Posted by Bonnie on July 10 2007 02:02 AM
This is a district-wide decision. Over the course of years of NCLB, our failing high schools blamed their low scores on the middle schools not teaching to the level that a student has to have entering high school. Of course, the middle schools blamed their low scores on the elementary schools. The scores seem to support this. Math scores do fall way off at the middle school level and never come up.
So the elementary schools have had to come up with action plans. This is where the accelerated math comes in among other things. (Math is not their main priority -- we have many limited English students and the majority of remedial programs target English Language Arts, not math.) After-school tutoring programs have been started much earlier in the year. The district has implemented a program called HOSTS. (Helping One Student To Succeed) Volunteers from the community come to school and help one student one-on-one. But there are so few of us volunteers that, again, only English Language Arts is stressed. (I learned about dyscalculia from the coordinator of the program.)
Our third grade teacher said sheís been told to skip the third grade curriculum completely and start the 4th grade book from the start this year. Last year some of the 2nd grade classes also accelerated to 3rd grade curriculum, but some didnít. Another retired teacher told me that another elementary school in our district has implemented an independent study program in math. Six elementary schools funnel into two middle schools. Iím trying to imagine when all these different teaching methods in the elementary schools hit the middle school.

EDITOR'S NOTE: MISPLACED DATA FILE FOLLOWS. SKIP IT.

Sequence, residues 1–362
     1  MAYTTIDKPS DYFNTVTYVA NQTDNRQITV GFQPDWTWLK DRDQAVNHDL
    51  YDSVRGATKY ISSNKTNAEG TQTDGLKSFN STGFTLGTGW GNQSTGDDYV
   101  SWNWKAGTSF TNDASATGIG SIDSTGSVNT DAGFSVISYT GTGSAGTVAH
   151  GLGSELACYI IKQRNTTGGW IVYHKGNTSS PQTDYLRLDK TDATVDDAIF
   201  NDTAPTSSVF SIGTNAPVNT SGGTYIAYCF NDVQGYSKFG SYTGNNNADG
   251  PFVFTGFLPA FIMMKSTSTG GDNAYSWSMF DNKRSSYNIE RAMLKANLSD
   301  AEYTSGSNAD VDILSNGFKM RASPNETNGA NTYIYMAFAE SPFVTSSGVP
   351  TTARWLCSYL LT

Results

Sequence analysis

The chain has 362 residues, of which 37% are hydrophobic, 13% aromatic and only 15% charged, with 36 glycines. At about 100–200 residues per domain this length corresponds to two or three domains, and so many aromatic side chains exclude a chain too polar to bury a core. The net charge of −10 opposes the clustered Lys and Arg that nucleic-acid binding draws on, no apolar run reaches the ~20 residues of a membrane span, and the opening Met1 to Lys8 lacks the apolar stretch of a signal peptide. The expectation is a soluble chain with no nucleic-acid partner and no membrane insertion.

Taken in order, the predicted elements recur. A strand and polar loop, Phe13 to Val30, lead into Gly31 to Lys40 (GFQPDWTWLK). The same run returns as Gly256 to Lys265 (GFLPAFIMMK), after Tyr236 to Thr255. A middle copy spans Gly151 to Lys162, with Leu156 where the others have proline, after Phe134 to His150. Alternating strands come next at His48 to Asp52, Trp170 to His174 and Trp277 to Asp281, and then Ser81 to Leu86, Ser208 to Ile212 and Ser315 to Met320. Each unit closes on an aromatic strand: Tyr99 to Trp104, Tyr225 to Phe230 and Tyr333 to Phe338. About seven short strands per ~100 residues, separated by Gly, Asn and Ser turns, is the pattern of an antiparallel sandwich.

Many teachers and administrators dislike the Saxon math curriculum taught at our schools. The beginning chapters review to the point of boredom for those who are talented at math. Even my son says there arenít enough practice questions when learning a new concept. With both my son and I being slightly dyscalculic, the constant reviewing and the incremental lessons are actually easy for us to follow on our own. No degree in math is needed to do these lessons. :) But, Iíve noticed gaps. My son struggles with time and there is only one lesson in the entire 4th grade book devoted to time. I just looked through 10 lessons, each having 30 problems and only there were only 2 problems about time. (Rather involved story problems with elapsed time and analog clocks.)
Whatís scary is the majority of the lessons that will be missed by the students in his 3rd grade class are the lessons at the end of the book where most of the new skills are presented. You canít review successfully if you didnít learn it in the first place. (See the top of the thread, we were struggling with the mental math problems until I started back at the beginning of the book and followed the incremental steps that he missed.)
Iím probably the only parent that bought the school math books (on E-bay, one book was 99Ę plus shipping) and continued covering the lessons. But we couldnít cover all 81 lessons in the 6-week break.